Hispanics are in the White race if they look white as far as color is concerned. But if they look African they are Black not Hispanic..
I see a lot on the internet a black person say he is Hispanic, but I can clearly see they are African. I have never seen a Hispanic call themselves Black. But many Blacks calling themselves Hispanic.
The Bible says we all came from on blood, that we the offspring of God.
God doesn’t see race he sees human beings created in his image. The only reason I can see why they so desperately want to label people is because of pride.
Pride is something God hates if it is against another human being.

  Gravatar von wrote @ September 5th, 2012 at 9:32 am

to lormel, my grandparents move to usa from puerto rico. grandma born in spain, grandfather in puerto rico. His dad was black and spanish because his dad my great great grandfather was black and and his wife my great great grandmother was spanish from spain. so back to my dad who is black and spanish has me by my mom who is black and native american, i look mixed. my dads sister has a daughter by a black man, she looks black, no mix, but she is. So to LORMEL does that mean she can’t say she is hispanic. Just because you look at her and only see her black skin? Why does she have to deny who she is, she speaks spanish, knows the culture etc.. Everyone assumes i am mixed but i don’t even speak spanish, but my hair is curly, i am light complected and have hazel eyes, if i say i am black and puertorican no one bats an eye. You should be concerned with who you are and let others figure out who they are for themselves without judging. And it wouldn’t be pride to call yourself something you are not, it would be a lack of pride in who you are.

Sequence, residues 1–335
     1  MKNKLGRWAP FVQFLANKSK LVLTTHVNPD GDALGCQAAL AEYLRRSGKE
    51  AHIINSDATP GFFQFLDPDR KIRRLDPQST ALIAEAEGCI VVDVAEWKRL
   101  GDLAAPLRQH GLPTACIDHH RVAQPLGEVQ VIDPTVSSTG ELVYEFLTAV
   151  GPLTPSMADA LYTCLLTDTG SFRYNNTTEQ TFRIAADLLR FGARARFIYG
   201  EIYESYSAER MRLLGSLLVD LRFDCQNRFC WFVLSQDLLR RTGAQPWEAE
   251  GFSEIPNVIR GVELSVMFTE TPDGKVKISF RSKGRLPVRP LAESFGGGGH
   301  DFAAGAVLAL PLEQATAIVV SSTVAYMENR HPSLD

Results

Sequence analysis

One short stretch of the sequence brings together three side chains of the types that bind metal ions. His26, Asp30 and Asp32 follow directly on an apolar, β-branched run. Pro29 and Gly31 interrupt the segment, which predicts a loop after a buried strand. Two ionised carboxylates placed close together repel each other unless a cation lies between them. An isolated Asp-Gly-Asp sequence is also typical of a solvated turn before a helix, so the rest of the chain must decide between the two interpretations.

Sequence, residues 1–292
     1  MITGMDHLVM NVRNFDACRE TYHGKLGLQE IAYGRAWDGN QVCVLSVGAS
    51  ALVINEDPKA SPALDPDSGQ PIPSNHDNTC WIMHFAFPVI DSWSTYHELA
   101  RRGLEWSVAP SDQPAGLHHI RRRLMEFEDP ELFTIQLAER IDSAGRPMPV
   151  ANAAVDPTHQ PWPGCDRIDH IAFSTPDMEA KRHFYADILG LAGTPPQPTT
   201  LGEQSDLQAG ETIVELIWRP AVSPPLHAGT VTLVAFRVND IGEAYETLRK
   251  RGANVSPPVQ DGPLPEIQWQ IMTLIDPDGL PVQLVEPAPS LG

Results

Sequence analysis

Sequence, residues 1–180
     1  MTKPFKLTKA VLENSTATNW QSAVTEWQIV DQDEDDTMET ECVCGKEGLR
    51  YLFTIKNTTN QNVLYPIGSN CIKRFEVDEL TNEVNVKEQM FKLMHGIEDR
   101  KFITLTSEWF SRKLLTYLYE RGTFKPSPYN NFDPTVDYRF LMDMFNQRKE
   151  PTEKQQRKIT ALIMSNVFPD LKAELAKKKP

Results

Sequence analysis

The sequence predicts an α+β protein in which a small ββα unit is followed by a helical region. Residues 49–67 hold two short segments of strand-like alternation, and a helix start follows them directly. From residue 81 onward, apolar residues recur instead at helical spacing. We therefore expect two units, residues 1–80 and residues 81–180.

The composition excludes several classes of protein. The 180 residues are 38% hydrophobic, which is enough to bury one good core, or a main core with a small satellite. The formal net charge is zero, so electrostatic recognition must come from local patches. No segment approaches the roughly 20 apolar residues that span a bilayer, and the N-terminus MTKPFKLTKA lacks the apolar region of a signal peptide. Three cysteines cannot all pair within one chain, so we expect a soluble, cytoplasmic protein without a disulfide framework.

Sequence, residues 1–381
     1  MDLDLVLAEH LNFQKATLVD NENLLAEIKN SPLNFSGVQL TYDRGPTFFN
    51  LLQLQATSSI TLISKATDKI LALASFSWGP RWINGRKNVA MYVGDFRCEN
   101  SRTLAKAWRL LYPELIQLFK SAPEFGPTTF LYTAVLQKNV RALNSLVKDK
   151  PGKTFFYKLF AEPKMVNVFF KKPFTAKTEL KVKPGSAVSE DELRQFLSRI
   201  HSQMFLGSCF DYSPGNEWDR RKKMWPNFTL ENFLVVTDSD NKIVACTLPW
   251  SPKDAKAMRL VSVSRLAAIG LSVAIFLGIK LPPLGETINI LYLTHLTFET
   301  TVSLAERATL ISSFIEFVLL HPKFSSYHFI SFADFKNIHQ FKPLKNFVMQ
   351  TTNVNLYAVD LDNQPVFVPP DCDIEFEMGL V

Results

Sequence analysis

Gravatar Ben wrote @ November 14th, 2012 at 4:59 pm

I am proud to put American Indian and white as race (I always find a way to get in the truth) because my father is a white American and my mother’s mother and father were born and raised in Mexico and have always been proud to claim their Native ancestry. I’ve never understood why so many people would rather call themselves “Latino or Hispanic” – We should all be proud and not succumb to the propaganda that the people who stole our lands and murdered our ancestors are somehow better than we are and that it’s best to pretend to be one of them. No one could call us illegal or alien if we just acknowledged with justifiable pride our Native American ancestry. The language we speak does not define who we are as a people. When I look at people from Spain – I see a white person, when I look at a person of “Hispanic or Latino” decent, I do not see a white person. No one else does either. We must stop fooling ourselves and stop pretending that to be identified by our language and instead embrace who we are and be proud of it!